We all love going on holiday but sometimes it can be unbearable to leave our furry friends at home.
Luckily, we can take our dogs abroad with us and, although there a few rules and regulations we need to follow, it’s definitely worth it!
Taking your dog on an overseas holiday can be really exciting for both of you but it can also be nerve-wracking, so take a look through our quick guide to taking your dog abroad for some pointers on how to do it as efficiently as possible.
Despite your dog not having to spend months in quarantine when you take him abroad, you still can’t just up and leave without any preparation.
Some time before you go away, arrange a meeting with your vet to ensure that you have all the necessary documentation and knowledge of all of the required procedures so that your dog can safely leave the country and be allowed back in.
Ensure your dog is microchipped and vaccinated
For the purpose of identification, all dogs going abroad must be microchipped. If you have your concerns about microchipping, this guide will tell you everything you need to know.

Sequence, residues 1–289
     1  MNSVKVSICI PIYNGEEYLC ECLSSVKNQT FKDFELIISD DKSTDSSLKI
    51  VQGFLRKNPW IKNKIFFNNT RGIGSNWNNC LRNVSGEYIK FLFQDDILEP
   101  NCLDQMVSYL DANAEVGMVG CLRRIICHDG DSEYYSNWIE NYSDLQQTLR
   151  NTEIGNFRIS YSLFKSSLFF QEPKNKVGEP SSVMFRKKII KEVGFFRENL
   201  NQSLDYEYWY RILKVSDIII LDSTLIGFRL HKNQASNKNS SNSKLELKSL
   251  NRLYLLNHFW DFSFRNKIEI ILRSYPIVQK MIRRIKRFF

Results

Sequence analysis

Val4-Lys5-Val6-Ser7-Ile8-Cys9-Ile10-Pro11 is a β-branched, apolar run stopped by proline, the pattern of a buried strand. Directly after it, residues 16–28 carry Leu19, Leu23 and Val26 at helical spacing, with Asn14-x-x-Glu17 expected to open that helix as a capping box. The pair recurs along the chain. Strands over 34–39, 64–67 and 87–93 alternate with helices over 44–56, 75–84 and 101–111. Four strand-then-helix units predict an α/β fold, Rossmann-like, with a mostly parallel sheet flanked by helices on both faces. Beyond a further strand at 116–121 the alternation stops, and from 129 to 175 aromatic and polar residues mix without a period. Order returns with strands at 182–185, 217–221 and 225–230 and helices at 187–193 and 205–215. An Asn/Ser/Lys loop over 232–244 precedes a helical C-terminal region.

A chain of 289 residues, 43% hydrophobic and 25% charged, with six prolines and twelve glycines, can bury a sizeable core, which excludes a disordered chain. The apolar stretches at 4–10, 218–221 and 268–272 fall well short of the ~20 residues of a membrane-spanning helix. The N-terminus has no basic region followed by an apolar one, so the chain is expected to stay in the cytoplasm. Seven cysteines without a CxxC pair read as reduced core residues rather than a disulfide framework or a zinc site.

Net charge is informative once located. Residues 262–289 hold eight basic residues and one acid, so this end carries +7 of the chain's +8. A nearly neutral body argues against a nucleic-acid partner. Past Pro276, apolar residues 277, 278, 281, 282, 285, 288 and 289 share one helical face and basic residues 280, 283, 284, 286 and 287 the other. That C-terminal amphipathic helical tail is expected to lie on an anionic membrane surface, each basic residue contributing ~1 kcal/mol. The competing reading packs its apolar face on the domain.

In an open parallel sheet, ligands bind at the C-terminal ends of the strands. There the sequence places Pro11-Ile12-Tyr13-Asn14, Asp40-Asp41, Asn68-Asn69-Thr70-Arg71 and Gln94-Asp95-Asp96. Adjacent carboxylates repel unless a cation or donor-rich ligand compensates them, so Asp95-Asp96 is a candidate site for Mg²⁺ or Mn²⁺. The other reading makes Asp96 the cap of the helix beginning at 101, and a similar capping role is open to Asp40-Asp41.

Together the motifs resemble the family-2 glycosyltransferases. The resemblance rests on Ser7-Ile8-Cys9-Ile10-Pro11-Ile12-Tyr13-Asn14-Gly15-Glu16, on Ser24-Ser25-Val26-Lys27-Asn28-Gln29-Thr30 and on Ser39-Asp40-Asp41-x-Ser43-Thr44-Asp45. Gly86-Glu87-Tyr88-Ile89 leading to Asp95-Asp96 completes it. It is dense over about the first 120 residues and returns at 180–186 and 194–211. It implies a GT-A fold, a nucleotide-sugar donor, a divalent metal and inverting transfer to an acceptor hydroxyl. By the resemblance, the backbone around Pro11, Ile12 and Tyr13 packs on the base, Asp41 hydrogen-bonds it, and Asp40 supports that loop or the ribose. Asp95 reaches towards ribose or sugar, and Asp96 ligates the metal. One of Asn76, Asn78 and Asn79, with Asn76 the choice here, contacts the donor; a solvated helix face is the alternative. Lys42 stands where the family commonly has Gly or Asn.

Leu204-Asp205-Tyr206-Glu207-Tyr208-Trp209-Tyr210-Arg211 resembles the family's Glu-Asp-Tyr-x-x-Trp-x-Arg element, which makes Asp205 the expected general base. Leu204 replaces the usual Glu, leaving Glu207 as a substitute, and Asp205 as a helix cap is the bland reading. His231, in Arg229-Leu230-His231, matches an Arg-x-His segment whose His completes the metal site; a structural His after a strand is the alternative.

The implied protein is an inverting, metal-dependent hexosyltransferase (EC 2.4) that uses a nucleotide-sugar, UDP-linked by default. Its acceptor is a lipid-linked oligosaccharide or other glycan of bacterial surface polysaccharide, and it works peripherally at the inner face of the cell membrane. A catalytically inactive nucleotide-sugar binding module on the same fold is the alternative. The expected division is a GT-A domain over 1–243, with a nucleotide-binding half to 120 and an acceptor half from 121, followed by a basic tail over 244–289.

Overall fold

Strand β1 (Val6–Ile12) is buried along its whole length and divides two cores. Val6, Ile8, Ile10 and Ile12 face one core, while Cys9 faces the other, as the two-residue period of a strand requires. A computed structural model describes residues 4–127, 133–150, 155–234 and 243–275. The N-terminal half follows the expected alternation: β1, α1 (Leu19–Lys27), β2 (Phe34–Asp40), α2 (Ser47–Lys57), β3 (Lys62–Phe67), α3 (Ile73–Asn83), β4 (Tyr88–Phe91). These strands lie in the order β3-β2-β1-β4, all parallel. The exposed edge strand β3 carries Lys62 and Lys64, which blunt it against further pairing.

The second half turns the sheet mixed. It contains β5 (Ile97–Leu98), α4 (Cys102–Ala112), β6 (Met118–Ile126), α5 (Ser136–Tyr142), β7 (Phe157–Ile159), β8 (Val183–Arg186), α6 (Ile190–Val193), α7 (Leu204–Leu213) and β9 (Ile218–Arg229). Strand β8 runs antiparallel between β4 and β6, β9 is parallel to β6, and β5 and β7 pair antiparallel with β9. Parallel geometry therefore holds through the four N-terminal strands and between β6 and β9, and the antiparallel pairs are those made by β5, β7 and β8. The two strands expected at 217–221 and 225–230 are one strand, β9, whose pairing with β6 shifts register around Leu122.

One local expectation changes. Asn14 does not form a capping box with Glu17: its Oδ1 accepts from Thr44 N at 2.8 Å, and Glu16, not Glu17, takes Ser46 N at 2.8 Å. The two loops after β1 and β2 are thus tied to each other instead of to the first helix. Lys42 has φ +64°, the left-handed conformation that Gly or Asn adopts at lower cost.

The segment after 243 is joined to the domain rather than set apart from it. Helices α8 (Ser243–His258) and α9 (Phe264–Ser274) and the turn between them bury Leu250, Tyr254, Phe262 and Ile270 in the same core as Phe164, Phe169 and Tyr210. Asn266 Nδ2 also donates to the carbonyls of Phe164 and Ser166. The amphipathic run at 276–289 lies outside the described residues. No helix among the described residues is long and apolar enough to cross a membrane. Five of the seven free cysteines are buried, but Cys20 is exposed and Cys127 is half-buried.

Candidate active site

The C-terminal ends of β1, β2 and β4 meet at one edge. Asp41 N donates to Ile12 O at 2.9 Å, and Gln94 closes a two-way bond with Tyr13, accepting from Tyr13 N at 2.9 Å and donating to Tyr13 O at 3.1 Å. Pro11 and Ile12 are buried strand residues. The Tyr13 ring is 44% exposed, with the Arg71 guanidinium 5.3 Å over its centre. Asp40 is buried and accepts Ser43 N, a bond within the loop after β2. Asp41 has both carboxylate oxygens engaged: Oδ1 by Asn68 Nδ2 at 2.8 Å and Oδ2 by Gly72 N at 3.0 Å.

Similarly, all dogs travelling to an EU country or back to the UK will need to have had a rabies vaccination at least 21 days prior to their travel.
However, if your dog will be travelling back to the UK from a country which is not listed on the Pet Travel Scheme, he will need to have a blood sample taken 30 days after vaccination and will have to wait three months before re-entering the UK.
Get a passport
Your vet will be able to issue your dog with a passport once he has met all of the necessary requirements to go abroad. This passport will be valid for as long as your dog meets the UK’s entry requirements.
Many places out of the UK have much higher temperatures and your dog won’t be used to it.
We spoke to Aylesbury Vets who said: “In hotter climates, your dog could be at risk of heatstroke. To keep the risk at a minimum, avoid walking or exercising your dog during the hottest parts of the day and ensure that he has plenty of shade and water to enjoy.”
Likewise, if the temperature is going to be particularly cold, be sure to invest in a coat for your dog to keep him warm and dry.
On your way home
Between 1 – 5 days before you bring your dog back to the UK, you’ll need to take them to a vet in order for them to be scanned, checked, and given treatment for tapeworms. The vet can then sign and date your dog’s passport.
Ensure that you have all of your dog’s relevant documents on your journey home or he may end up in quarantine or be sent back to the country you travelled from.